World War I

America in World War I

The United States entry into World War I was in 1917.  At least, that is the official date.  For the most part, America chose to stay out, even after German forces torpedoed the British passenger ship the Lusitania in 1915, killing over 1,000 people, including 128 Americans.  President Wilson continued to resist becoming a part of the conflict, until German submarines began targeting U.S.

Memories from World War I

Authentic pictures, letters, postcards, newspaper clippings!  Stop by the see the display of World War I memorabilia and check out a copy of Remember Ben Clayton, the Gulf Coast Reads book for 2014.World War I, Gulf Coast Reads 2014

Book Hunters in Brief #42: Further Reading for Gulf Coast Readers

BHinB#42Book Hunters is joining a whole bunch of readers across Southeast Texas in reading Remember Ben Clayton by Stephen Harrigan for Gulf Coast Reads: On the Same Page.

Before The Great War...

As you may have seen on our website and Facebook page, this year’s Gulf Coast Reads will take place during the month of October.  Now you might ask, “What’s Gulf Coast Reads?”  Well, simply put, it’s an event encouraging residents of the Gulf Coast area to read or listen

When History Isn't History: Legacies of the Great War

Marching toward the Battle of the SommeRegrettably for humankind, the “War to End All Wars” did not live up to that hopelessly hopeful appellation. In fact, most historians will tell you that it and the treaty that ended it, were the chief causes of the Second World War which remains the only war in human history to surpass it in the cost of human life.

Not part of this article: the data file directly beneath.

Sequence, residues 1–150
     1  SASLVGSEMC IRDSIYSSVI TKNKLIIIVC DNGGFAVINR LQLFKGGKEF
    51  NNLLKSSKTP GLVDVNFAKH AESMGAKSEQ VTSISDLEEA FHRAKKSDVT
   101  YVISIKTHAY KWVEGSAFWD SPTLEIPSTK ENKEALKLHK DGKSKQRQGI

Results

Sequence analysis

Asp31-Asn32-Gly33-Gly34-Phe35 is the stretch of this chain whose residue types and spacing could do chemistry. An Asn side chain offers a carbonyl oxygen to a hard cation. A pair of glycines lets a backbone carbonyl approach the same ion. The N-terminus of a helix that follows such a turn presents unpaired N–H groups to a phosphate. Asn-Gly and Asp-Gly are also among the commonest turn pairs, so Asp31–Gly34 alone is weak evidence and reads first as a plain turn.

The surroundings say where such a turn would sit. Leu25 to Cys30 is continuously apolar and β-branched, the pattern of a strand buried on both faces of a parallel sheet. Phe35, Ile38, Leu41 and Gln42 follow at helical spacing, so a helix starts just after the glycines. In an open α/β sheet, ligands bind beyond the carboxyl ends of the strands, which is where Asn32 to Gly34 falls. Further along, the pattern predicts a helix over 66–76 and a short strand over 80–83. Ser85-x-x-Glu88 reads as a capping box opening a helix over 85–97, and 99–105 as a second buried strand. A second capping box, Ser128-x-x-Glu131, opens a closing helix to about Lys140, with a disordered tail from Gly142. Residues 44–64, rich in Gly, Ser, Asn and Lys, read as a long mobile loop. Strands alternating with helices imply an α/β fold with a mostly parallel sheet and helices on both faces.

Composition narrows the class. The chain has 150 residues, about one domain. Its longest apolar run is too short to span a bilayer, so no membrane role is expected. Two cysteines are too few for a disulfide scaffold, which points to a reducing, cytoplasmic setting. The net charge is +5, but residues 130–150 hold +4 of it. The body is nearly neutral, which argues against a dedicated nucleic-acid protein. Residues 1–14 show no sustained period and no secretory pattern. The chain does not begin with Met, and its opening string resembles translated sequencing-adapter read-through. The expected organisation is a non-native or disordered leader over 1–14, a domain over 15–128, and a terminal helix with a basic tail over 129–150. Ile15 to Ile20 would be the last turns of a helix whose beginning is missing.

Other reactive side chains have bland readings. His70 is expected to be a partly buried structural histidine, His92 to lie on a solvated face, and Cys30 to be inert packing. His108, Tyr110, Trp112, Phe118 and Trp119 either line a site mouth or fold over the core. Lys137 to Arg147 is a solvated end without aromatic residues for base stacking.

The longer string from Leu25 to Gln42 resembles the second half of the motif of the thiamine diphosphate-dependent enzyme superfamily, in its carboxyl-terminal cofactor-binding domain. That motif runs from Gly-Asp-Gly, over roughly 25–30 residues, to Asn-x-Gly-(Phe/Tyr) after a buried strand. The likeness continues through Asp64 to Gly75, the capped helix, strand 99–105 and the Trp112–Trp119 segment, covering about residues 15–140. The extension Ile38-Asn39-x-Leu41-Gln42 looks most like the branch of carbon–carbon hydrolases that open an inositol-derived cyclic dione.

As you will have heard by now, over the next four or so years, the world will be commemorating the hundred year anniversaries of the events of what has come to be known—exactly because it could not measure up to that overly optimistic sobriquet—World War I.

Dulce et decorum est: War and Anti-War Poetry

Cover Art: Blue-Tail Fly by Vievee FrancisSoldiers have been writing poetry glorifying or abhorring war for as long as there have been soldiers and wars. Others have written poems lamenting war's inhumanity and its wastes every bit as long. I guess the best we can do is work toward the day when neither will be necessary.

Below you will find poetry occasioned by war from the Harris County Public Library Catalog.

 

 

Veterans' Day

Next Wednesday is Veterans’ Day here in the U.S. In Canada and the United Kingdom the day is known as Remembrance Day. Before that, it was Armistice Day, to commemorate the end of World War I.

When I was a child, I remember the Veterans of Foreign Wars selling artificial poppies to commemorate the day. The poppies were small, to be worn on the lapel or like a brooch, as a symbol of remembrance for the service – and sacrifice – of our military.

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